In my view there are certain players (a small select group) who have that innate quality and it stems from extreme sensitivity. As a teenager it used to be Buddy Holly, then Sonny Terry/Brownie McGhee and now, Bix, Lady Day, Pres, Bird, Chet, Sinatra, Richie K, Ornette, and I'm presently belatedly 'discovering' Schubert's very touching music. Much as I love the guitar (eg. Jim Hall) and great pianists (eg. Bill Evans) neither the guitar nor piano 'does it' for me. I think it needs to involve human breath so it has to be horn players or singers.
If I had to single out for me the most moving player in all of jazz, I would say Bix!

Tuesday, January 06, 2009

Words and Music

Roly introduced me to "Dear Bix" played and sung by Richie Kamuka - it's a Dave Frishberg original dedicated to you know who and worthy of standing alongside that other great tribute song - "I Remember Clifford".
Roly also remarked ... " Another great song is When the World was Young - I reckon thats one of the greatest of all Songbook repertoire. I know jazz players like nice harmonies to solo over and lovely melodies etc but I am even more drawn to what I think are great lyrics above all else. It's the words that give the deep meaning - anyone else agree?"
I think I know someone who might go along with that ...

Monday, January 05, 2009

Roly Veitch Trio at the Quadrata Café

The main problem with the Quad Café is the acoustics. In some parts of the allocated space the sound is totally indecipherable whilst other areas are hit by an excess of echo. In consequence, this led to an occasional inbalance between the three players.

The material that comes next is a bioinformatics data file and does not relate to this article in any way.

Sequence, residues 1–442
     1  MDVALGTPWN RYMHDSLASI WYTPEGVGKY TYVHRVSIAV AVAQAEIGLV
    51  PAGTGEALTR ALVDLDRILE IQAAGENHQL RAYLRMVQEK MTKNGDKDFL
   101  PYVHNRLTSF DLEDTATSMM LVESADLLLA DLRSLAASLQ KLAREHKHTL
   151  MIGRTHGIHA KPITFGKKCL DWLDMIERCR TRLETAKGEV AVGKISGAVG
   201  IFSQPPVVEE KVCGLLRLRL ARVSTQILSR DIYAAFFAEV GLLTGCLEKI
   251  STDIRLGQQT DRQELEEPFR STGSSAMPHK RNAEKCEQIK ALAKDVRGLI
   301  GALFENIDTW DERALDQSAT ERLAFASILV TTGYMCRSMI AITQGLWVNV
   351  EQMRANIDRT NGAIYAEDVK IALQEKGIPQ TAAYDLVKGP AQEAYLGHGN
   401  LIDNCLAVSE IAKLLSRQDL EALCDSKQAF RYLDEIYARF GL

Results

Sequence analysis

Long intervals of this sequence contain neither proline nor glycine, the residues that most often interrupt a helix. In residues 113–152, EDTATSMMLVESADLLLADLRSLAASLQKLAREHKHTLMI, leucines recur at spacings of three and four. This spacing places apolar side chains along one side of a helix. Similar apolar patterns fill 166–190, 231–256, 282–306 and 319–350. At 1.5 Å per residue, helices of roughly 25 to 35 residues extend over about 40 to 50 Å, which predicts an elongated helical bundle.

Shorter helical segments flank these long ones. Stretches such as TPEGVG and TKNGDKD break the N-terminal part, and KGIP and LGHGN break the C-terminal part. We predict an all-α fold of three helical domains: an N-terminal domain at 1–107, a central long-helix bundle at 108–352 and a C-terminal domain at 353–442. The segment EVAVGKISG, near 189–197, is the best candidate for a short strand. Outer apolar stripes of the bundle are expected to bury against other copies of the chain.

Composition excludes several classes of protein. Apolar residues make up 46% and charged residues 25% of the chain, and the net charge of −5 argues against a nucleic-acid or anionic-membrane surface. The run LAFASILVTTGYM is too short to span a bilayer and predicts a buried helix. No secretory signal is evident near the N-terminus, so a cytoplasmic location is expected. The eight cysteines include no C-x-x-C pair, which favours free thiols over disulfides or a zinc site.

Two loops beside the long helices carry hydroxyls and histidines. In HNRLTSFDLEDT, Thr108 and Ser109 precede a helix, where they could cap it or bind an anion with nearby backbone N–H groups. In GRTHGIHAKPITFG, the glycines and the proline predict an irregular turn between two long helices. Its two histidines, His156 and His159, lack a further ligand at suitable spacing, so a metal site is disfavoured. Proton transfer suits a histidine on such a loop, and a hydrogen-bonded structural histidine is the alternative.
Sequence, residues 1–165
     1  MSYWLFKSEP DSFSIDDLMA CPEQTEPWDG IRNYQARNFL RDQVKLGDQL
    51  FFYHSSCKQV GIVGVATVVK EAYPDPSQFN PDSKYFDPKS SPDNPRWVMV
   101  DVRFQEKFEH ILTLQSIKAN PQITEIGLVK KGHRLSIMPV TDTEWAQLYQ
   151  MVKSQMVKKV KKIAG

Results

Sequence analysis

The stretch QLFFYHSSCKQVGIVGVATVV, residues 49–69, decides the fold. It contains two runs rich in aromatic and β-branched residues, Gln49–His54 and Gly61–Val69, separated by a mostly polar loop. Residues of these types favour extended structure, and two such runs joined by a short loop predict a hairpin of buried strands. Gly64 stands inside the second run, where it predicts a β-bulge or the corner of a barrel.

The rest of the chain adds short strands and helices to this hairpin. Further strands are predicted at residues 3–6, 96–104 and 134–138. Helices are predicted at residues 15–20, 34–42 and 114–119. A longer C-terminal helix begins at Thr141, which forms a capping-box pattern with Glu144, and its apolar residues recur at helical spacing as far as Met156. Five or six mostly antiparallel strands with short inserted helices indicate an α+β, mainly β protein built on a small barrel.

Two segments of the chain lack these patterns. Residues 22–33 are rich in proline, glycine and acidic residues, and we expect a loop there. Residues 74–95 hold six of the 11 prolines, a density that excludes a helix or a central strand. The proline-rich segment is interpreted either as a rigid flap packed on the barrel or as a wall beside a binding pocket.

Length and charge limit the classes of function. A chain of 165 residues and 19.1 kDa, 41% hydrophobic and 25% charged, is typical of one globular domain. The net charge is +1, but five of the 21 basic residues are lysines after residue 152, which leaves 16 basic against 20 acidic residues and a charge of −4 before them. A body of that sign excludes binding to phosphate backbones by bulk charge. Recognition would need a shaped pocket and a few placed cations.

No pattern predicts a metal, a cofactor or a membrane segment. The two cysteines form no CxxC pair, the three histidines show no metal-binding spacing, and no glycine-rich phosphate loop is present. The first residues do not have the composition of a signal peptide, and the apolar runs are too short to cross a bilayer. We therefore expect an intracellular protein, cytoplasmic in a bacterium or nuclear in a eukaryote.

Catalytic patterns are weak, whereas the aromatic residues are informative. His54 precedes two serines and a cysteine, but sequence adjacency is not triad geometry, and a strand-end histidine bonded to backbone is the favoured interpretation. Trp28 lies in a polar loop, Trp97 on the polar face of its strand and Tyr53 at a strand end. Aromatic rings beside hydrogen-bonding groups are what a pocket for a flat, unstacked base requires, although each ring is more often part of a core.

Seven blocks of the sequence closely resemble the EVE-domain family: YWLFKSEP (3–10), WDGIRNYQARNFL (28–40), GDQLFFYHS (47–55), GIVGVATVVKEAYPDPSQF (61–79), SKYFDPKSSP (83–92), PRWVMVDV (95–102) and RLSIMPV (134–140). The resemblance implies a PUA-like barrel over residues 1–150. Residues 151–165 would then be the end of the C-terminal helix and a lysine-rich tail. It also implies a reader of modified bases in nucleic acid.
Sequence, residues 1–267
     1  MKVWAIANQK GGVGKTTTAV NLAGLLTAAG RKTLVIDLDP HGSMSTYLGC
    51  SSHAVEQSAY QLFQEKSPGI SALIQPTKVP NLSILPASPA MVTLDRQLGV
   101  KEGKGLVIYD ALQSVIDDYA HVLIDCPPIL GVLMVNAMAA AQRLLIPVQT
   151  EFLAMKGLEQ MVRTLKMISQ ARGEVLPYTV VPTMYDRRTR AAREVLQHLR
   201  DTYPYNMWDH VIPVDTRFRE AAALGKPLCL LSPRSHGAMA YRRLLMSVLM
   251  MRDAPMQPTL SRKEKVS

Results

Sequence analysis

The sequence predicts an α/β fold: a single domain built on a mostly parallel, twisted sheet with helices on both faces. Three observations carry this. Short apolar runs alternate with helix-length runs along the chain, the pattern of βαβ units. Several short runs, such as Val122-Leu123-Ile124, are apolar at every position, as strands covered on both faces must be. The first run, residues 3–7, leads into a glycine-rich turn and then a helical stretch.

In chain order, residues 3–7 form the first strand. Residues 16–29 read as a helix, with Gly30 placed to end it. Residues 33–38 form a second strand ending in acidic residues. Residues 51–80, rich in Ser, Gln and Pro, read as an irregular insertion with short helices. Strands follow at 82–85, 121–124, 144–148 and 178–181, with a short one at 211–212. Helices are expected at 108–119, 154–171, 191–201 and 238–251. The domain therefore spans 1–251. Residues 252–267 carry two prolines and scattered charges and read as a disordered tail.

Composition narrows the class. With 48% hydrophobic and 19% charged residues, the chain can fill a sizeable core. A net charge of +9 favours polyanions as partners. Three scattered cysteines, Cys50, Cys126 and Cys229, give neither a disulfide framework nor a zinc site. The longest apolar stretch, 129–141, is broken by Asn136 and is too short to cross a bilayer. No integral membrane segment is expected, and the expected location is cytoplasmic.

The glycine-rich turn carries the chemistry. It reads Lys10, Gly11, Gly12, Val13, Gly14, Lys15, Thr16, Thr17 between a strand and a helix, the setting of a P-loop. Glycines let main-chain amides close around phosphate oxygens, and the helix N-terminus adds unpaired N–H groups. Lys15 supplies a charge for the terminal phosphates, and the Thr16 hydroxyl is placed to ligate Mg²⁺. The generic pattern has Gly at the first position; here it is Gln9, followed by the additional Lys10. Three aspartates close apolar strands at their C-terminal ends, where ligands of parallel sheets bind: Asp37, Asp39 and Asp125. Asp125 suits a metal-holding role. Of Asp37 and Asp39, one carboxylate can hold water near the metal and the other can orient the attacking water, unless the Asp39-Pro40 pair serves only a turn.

Nevertheless, despite this obstacle, the trio played a very listenable hour of standards. Roly sang and soloed in his easily identifiable style with Neil Harland solid in support. Sue Ferris on tenor seemed to be the one least affected by the acoustics; her smooth sound and flowing lines pure delight.
"All the Things You Are" bore comparison with any of the zillions of versions I've heard, "Besame Mucho" had Roly vocalising on one of my favourites with Sue fluting it and "Long Ago and Far Away" had good solos all round including Roly's almost wistful reading of the lyric.
My only complaint - the raised eyebrows from a nearby table when my colleagues and I had the audacity to applaud a solo!

Sunday, January 04, 2009

Red Rodney at the Corner House 1983

Listening to a CD by the Red Rodney Quintet made back in the 1950s brought to mind the evening when the trumpet player appeared at the Corner House in Heaton. This was in December 1983 and Red gave a scintillating performance with the Willie Payne Band (Mike Gilby (tpt), Syd Warren (fl/ten), Bill Harper (pno), Derek Dixon (bs), Willie Payne (gtr) and somebody is going to have to remind me of the drummers name!)
It was one of those 'nights to remember' even if I have forgotten the drummer's name and it has to be said that Mike Gilby held his own with the American as did the rest of Willie's band.
I'd already had a couple of photos of the gig in album but I have managed to hunt a few more out so I've herded them all together in a Red Rodney album which can be viewed by clicking here. And if you can tell me the name of the drummer please do.

2009 Obituaries